Entitlement is the state of being owed that which you have not earned. We see workers of all kinds, at every level, from classroom teachers to state and national political leaders who suffer from the notion that they are entitled to a perquisite, to employment, to reward or benefit of some kind, because they have sacrificed or labored diligently. They paid their dues. And this payment of dues entitles to privilege.
Maybe… maybe not.
Elected officials might believe they have served the people well and, through that service, earned the right to something that benefits them personally. Students have paid tuition and believe that payment guarantees a good grade.
Entitlement is to opportunity what arrogance is to talent. In both cases the former dilutes the latter until a society, or a subgroup within it, begins to believe that position ensures reward or desired result.
I don’t think so.
There is always a testing of opportunity that will lead to achievement and recognition for the attainment of certain goals. I have seen this 3 times a year every year, for the past 33 years at university commencements. Commencements mark the exercise of opportunity through the attainment of goals. I fear some days that commencement is anticipated as a foregone conclusion: The price has been paid and the gold ring is waiting.
Without the possibility of failure, success is a cheap thing. Entitlement steals opportunity and with it, quality.
I remember a faculty member coming to my office to voice concerns about not receiving a promotion after years of teaching, contributing to the body of knowledge through research and publication, and serving the professional and extended community through service. He was upset about the results of the process. Every committee and individual along the way viewed his work in the same way – not up to the standards of the university.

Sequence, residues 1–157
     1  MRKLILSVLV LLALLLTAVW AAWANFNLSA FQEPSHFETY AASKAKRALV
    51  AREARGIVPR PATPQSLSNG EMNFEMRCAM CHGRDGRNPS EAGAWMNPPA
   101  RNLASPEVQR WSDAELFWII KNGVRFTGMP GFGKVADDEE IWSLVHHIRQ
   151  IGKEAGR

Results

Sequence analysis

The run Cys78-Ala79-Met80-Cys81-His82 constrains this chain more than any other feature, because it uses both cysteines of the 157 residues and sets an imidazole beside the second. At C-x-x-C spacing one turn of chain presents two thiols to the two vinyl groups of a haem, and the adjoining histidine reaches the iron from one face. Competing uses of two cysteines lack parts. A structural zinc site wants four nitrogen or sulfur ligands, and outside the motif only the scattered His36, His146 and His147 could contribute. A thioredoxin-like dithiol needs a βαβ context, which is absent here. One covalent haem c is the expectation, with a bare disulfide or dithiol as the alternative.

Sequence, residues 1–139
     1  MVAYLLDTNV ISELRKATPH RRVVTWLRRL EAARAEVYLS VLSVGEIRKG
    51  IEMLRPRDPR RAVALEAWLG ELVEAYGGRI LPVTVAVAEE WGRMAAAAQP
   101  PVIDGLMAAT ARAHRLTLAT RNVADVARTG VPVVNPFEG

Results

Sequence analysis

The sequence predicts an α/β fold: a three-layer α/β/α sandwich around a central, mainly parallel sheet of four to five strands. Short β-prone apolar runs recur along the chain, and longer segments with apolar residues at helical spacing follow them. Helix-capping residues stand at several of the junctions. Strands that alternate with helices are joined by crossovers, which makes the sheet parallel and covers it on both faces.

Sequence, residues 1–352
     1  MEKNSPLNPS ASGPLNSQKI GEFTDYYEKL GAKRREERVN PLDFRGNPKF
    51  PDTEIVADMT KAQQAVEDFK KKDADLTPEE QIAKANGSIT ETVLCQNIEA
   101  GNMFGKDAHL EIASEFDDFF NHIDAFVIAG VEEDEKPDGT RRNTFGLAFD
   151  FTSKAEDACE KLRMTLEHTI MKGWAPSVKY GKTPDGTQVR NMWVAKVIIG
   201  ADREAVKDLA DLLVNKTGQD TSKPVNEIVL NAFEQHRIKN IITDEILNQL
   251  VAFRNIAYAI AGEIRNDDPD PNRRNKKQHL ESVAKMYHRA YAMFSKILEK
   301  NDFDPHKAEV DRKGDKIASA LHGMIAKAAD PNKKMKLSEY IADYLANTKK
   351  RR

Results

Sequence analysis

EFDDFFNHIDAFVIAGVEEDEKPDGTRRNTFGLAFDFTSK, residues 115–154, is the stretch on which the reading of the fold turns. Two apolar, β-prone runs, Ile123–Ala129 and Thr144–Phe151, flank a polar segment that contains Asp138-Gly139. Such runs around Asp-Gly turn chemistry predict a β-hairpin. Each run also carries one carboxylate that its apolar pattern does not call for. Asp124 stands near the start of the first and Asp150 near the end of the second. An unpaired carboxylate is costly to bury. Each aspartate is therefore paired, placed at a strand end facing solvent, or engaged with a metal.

“I work hard, come to the office, teach my classes and publish papers…I deserve to be promoted,” he said. I told him I understood how he felt but “What you deserve is your paycheck every month, which you received without interruption, and your health insurance, and a good office in which to work, and students, and support, all of which you had, but you had to earn tenure from your peers, and tenure was not an entitlement.”
He was angry with me for my forthrightness. I understand that too.
We see pubic officials who believe that their entitlement extends to actions and privileges not granted but grabbed. We are entitled to serve and in service earn respect.
How sweet it is.
In any organization nothing undermines success more than the idea that people within the organization are entitled to something, other than the opportunity to succeed or excel. Another position, a promotion, a career guarantee, anything which is given by length of service or some equally insubstantial substitute for results – an entitlement – is a sickness.
The cousin of entitlement, patronage, didn’t work in Tammany Hall and shouldn’t work here. These cousins place people in positions for which they are unqualified.
At our university, we should see entitlement for what it is, acid to our purpose. We should covet attainment, merit, excellence, and the demonstration of quality in all that is carried out.
Excellence is the elixir for entitlement, nothing else works.